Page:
- • Making efforts to cut back on computer use or stop, and failing repeatedly
- • Feelings of emptiness, depression and irritation when not at the computer or when attempting to cut down
- • Staying online longer than originally intended
- • Jeopardising or risks losing significant relationships, job, career or education because of the Internet
- • Hiding the extent of computer/Internet use to family and friends
- • Use of the Internet as a way of escaping from problems or of relieving a dysphoric mood (e.g. feelings of helplessness, guilt, anxiety, depression)
IA is an umbrella term encompassing various subtypes including:
- • Net compulsions (online shopping and online gambling addiction)
- • Online game playing addiction
- • Online research addiction
- • Cybersexual addictions
- • Cyber-relational addiction (chat rooms, social networking, personal messaging and email addiction).
Several self-report questionnaires have been developed to help diagnose IA.7 These diagnostic tools have not been validated, and there is no official consensus on what length of time spent at the computer constitutes pathological use.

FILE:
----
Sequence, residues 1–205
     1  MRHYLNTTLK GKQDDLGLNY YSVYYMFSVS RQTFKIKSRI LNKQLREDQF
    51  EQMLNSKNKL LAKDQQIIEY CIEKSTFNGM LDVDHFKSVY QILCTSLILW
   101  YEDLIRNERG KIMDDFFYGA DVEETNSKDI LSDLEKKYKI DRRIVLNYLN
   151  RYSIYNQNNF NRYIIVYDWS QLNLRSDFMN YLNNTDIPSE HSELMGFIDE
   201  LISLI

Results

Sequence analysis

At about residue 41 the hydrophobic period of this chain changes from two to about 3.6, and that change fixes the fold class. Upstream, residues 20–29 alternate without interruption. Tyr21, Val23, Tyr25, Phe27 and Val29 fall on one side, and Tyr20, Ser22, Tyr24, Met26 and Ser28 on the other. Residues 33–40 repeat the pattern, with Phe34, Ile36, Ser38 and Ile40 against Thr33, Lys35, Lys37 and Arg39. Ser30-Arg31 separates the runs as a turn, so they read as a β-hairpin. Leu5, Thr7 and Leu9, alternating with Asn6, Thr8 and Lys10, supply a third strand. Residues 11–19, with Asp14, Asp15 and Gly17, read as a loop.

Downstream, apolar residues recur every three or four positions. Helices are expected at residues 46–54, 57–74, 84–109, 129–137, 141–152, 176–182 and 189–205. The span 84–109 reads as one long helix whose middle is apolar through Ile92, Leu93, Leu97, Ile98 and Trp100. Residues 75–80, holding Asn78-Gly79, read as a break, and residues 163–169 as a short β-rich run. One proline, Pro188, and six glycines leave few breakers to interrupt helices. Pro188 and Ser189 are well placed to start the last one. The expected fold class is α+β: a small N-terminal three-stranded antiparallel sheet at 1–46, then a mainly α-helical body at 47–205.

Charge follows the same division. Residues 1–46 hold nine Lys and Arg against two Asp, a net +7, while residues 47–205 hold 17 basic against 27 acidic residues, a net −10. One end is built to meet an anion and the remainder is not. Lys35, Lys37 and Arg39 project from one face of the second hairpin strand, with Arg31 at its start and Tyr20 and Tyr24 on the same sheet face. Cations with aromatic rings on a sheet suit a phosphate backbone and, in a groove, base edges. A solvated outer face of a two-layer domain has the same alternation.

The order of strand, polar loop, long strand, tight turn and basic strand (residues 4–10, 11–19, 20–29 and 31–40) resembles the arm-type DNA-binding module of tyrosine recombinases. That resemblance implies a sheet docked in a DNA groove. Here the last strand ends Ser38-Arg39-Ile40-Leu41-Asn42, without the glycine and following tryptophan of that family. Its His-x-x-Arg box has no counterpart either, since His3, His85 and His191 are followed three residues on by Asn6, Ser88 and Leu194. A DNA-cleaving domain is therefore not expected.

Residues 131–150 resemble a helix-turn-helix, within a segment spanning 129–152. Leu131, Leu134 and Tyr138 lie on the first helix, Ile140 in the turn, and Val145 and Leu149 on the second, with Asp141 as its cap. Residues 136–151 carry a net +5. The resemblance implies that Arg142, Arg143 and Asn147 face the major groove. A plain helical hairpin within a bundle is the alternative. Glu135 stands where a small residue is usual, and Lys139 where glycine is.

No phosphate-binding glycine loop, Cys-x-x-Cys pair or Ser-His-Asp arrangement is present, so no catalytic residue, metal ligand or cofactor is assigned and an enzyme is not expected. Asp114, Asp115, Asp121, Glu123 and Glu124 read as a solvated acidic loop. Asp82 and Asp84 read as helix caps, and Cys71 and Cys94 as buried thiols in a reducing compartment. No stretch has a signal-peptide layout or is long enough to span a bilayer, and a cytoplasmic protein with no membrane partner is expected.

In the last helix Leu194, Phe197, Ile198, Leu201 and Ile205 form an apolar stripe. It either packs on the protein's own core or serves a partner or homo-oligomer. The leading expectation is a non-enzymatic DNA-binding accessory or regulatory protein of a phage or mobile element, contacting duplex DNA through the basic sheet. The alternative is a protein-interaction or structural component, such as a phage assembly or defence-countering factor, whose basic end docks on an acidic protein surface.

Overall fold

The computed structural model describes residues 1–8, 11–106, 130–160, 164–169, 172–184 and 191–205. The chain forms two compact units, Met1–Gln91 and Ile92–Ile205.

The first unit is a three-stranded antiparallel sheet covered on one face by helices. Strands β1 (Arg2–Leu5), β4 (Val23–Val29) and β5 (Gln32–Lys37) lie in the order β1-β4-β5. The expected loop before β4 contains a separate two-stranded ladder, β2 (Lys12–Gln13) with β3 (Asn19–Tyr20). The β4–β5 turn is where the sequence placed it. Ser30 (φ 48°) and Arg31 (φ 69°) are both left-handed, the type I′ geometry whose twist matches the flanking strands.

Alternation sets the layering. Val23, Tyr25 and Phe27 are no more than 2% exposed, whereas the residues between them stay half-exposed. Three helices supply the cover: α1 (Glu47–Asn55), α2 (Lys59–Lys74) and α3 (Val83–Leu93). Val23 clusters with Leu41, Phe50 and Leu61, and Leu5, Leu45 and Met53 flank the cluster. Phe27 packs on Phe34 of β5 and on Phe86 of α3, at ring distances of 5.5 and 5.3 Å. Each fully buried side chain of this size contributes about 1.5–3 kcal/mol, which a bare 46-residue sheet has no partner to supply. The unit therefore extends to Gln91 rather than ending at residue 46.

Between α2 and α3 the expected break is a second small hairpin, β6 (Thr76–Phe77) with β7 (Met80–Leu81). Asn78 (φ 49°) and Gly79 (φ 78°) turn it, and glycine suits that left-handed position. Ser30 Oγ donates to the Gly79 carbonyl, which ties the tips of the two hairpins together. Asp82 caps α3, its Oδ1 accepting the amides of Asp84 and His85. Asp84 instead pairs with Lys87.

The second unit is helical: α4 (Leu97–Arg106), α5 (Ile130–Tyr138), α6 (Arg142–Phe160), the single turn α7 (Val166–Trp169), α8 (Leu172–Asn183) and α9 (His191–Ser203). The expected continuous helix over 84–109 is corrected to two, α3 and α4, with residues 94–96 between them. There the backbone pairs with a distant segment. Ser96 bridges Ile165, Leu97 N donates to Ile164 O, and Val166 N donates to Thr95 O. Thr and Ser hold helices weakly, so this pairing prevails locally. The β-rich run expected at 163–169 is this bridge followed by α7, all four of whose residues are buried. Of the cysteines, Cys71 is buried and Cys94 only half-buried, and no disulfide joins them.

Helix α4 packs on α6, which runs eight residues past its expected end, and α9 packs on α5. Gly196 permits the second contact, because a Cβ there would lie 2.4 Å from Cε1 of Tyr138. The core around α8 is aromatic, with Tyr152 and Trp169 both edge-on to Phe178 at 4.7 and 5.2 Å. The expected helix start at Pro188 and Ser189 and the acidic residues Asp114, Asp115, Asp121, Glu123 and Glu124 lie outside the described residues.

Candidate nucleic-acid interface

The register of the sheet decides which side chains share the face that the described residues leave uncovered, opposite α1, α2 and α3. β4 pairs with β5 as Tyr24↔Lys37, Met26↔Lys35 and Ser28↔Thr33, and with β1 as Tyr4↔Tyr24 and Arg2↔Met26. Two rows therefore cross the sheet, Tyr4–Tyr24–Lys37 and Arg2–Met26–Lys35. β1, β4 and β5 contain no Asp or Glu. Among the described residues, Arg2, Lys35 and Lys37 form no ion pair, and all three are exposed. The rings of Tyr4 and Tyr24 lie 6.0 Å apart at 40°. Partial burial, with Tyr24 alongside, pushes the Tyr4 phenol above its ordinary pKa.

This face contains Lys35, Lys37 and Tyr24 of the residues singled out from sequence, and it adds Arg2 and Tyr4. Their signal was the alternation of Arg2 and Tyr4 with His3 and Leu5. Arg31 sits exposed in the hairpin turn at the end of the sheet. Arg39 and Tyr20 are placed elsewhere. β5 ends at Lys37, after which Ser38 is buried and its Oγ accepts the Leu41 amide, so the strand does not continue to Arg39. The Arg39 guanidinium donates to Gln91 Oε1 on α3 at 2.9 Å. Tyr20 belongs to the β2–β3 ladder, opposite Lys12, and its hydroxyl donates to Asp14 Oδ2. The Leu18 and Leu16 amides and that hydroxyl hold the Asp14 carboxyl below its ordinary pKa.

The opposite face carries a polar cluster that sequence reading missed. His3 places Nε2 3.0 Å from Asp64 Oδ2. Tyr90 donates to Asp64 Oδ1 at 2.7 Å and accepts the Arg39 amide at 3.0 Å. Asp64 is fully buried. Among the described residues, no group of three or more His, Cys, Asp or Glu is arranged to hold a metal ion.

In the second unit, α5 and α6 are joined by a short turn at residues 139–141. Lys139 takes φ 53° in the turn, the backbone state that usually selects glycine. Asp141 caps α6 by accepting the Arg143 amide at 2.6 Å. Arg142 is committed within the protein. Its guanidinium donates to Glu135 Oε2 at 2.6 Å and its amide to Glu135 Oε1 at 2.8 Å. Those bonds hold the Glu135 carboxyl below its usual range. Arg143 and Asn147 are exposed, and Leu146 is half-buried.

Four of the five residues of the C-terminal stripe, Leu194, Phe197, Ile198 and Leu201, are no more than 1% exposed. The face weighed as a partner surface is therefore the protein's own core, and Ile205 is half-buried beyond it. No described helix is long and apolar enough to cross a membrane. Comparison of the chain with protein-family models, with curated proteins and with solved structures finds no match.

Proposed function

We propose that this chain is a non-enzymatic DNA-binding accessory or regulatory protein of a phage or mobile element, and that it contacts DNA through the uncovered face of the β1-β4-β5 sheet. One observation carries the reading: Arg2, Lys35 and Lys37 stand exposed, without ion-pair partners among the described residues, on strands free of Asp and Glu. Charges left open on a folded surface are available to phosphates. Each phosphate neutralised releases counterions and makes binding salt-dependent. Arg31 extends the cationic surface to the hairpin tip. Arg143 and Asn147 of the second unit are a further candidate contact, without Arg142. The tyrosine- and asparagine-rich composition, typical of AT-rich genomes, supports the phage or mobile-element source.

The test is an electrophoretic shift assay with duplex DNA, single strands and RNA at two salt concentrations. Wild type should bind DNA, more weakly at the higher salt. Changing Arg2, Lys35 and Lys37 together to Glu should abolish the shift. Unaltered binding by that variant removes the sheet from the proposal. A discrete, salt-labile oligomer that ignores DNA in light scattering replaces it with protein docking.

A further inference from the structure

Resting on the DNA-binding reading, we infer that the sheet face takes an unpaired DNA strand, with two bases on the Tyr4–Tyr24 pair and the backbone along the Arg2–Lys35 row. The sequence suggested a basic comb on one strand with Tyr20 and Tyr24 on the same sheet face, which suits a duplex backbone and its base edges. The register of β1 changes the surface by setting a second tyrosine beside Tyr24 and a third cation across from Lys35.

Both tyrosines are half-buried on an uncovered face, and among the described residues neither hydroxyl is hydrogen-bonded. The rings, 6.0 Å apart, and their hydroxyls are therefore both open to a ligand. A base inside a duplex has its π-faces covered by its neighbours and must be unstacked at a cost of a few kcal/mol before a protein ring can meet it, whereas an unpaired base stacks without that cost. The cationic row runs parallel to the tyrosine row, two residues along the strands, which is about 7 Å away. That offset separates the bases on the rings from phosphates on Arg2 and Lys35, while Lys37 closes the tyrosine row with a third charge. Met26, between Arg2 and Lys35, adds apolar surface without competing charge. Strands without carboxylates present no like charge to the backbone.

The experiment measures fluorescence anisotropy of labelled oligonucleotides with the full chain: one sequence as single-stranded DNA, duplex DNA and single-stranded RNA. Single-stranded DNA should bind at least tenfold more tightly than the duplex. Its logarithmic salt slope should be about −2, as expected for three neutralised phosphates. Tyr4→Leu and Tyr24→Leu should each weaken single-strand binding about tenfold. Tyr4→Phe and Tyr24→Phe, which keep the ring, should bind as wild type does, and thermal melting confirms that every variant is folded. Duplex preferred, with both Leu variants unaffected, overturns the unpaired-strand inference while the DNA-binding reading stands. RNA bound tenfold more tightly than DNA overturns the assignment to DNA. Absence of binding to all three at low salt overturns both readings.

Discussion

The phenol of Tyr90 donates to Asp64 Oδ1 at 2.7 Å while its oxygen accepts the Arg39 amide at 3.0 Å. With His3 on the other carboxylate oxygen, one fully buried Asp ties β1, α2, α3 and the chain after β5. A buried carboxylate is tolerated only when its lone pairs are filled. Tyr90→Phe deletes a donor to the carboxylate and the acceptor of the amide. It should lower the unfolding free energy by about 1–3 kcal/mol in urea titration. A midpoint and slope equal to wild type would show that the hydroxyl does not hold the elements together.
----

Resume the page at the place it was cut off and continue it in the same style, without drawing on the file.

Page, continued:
IA: A Clinical Disorder?
There has been much debate in recent years about whether IA exists as a clinical disorder. It is recognised by the American Psychological Association, but psychiatrists have remained sceptical. A recent article by American psychiatrist Jerald Block discussed the increasing incidence of IA and highlighted the high rate of co-morbidity with other psychiatric conditions.8 He proposed its inclusion in DSM V as a ‘compulsive-impulsive spectrum disorder’. David Greenfield's book, Virtual Addiction: Help for Netheads, Cyberfreaks and Those Who Love Them, proposes that IA should be classified as an addiction because sufferers can show symptoms of tolerance and withdrawal, which are also present in substance dependency.9 However, some psychologists argue that IA is a symptom of depression rather than a clinical disorder in itself. Lenihan, a forensic psychiatrist in Edinburgh, questions whether the Internet acts as a medium for the underlying condition and if we should be treating ‘online gamblers primarily as gamblers rather than classifying them as internet addicts’.10